In This Review

The Russian Revolution
The Russian Revolution
By Richard Pipes
Knopf, 1990, 944 pp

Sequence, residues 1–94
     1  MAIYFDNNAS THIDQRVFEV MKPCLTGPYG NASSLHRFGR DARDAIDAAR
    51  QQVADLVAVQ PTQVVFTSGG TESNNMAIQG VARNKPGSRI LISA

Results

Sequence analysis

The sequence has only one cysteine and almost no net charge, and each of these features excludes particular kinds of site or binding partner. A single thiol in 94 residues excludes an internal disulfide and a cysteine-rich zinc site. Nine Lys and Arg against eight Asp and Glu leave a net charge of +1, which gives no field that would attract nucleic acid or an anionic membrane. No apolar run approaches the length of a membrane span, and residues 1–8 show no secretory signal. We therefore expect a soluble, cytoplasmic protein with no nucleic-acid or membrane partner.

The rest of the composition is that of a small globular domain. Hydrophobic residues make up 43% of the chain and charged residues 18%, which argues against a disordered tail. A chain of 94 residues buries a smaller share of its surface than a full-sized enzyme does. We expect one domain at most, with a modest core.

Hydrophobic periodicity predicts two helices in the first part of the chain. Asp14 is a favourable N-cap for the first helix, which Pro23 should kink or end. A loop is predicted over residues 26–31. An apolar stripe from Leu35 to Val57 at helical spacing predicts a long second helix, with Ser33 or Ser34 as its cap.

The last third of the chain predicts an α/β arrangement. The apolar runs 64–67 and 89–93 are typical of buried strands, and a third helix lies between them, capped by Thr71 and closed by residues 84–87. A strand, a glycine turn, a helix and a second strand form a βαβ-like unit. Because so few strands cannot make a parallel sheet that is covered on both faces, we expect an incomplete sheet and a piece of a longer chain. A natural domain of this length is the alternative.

Professor Pipes' massive and magisterial work overshadows previous histories of the Russian Revolution, even if it does not supplant them all. It is a triumph of scholarship in a field where scholarship has often been deficient or twisted. Known for his hard-line and often controversial views on the Soviet Union, Pipes is not sparing of sharp opinions as he traces the course of Bolshevik thought, organization and action in the drive to obtain control-and nowhere less than in his portrait of Lenin. But throughout the volume, the historical method used in tracking down and citing sources is exemplary. There is ample background, placing the two revolutions of 1917 in their Russian historical setting. The first of two planned volumes, the story is carried through 1918 and does not cover the civil war.